And Another Thing...


new internationalist
issue 317 - October 1999

And another thing...
Cartoonist Viv Quillin tells you more than
you really need know about bananas.

It's celibate and so particularly welcome in our little herb garden.
The banana resembles a tree but is a giant herb that has
flowers without sex organs and fruit without seeds.


[image, unknown]
Buddha made the banana plant the symbol of the futility
of earthly possessions because of its infertility.
Classic Chinese iconography shows him meditating on
the key to wisdom at the foot of a banana plant.


[image, unknown]
There are just two main varieties of banana consumed outside the tropics:
Gros Michel is susceptible to Panama disease (wilt) and leaf spot (Sigatoga)
but tolerant of the burrowing nematode worm; Cavendish is resistant to
wilt but susceptible to leaf spot and worms. No variety
resistant to all three has yet been discovered.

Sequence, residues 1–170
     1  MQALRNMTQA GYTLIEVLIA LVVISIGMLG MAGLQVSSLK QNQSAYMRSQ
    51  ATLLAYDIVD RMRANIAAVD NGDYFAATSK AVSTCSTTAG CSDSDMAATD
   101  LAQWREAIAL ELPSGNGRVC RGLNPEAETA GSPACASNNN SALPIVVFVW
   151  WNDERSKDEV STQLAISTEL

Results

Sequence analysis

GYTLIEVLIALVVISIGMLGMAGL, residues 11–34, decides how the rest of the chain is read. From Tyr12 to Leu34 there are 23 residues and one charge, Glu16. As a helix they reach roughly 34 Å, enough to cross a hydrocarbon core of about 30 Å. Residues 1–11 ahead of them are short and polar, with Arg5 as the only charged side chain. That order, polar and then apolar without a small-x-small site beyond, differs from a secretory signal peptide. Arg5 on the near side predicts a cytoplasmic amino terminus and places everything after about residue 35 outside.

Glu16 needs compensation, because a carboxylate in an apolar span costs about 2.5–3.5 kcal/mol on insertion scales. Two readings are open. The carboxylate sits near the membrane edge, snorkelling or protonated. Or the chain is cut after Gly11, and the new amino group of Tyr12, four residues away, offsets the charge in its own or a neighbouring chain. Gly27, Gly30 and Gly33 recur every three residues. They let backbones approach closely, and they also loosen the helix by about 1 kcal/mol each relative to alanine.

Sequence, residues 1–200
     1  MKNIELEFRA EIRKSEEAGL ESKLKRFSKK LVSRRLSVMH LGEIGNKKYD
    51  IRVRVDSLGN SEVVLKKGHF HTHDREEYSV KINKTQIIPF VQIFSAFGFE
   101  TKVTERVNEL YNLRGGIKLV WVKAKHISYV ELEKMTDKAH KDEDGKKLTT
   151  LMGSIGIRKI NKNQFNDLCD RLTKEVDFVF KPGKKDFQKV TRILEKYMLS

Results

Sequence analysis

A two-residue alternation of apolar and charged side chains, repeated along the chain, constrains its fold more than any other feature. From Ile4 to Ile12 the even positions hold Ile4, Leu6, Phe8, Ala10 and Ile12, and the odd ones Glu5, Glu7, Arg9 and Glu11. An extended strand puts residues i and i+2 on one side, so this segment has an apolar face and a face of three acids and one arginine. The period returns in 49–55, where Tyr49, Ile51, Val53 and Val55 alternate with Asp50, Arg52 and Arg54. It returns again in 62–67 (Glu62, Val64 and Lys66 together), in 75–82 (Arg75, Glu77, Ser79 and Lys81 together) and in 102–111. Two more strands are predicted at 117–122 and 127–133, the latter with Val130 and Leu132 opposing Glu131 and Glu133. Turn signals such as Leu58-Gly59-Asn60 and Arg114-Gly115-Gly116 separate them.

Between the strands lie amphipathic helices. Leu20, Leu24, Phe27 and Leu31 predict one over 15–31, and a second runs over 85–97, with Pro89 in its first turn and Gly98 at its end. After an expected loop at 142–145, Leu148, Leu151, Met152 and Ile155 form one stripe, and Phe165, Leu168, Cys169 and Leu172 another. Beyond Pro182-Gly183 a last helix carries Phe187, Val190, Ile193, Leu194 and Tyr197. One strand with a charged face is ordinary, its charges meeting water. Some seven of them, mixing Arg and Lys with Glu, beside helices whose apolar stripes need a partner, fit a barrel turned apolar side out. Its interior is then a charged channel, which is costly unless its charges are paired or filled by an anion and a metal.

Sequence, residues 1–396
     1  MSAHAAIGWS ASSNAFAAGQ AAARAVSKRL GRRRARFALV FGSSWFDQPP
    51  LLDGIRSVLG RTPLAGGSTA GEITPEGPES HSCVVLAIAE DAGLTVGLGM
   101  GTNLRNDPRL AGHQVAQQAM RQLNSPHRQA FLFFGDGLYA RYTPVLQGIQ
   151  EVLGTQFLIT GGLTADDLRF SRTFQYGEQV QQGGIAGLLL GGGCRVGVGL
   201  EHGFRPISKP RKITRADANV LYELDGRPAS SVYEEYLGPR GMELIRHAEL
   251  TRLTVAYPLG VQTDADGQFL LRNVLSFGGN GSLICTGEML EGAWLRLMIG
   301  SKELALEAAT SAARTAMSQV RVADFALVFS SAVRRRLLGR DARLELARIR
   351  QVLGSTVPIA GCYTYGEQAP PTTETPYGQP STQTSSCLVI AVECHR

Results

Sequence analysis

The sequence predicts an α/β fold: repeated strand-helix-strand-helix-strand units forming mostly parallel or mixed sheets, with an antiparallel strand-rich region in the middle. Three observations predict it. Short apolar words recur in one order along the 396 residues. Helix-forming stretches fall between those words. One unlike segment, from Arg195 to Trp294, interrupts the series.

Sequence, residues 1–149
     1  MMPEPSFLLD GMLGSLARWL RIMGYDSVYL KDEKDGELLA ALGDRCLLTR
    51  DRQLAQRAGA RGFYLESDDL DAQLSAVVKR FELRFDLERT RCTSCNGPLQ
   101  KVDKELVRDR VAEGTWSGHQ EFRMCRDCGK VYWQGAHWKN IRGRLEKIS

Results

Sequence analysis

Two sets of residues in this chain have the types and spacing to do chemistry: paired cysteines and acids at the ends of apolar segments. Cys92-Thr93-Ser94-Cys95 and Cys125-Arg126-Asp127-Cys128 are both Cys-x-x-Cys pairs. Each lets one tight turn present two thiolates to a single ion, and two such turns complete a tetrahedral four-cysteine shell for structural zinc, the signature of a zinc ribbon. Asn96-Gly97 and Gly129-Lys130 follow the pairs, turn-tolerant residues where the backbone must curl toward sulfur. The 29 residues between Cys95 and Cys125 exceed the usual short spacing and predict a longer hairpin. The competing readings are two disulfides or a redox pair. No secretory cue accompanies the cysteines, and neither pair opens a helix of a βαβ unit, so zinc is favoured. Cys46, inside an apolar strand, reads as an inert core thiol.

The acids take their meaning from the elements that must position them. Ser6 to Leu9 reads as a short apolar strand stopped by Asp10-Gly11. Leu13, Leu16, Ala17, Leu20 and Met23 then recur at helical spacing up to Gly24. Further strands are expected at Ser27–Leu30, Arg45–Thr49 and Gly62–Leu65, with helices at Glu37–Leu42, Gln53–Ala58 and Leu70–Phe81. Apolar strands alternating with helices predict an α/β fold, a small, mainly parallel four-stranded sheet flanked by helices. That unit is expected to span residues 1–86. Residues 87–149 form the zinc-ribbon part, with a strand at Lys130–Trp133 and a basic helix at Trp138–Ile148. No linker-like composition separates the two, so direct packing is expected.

[image, unknown]
Recent excavations discovered the remains of a sixteenth-century banana in London,
but for the most part the fruit was ignored in Europe until the twentieth century,
since it ripened too quickly to be transported by sea.


[image, unknown]
The fruit contains large quantities of energy (90 calories per 100 grams)
and potassium (380 milligrams) - one banana provides more than an adult's daily requirement.


[image, unknown]
Singer Carmen Miranda made her name by appearing clothed in bananas,
encouraging United Fruit to adopt the 'Miss Chiquita' banana-clad figure,
now discredited by the antics of Chiquita Brands International.

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New Internationalist issue 317 magazine cover This article is from the October 1999 issue of New Internationalist.
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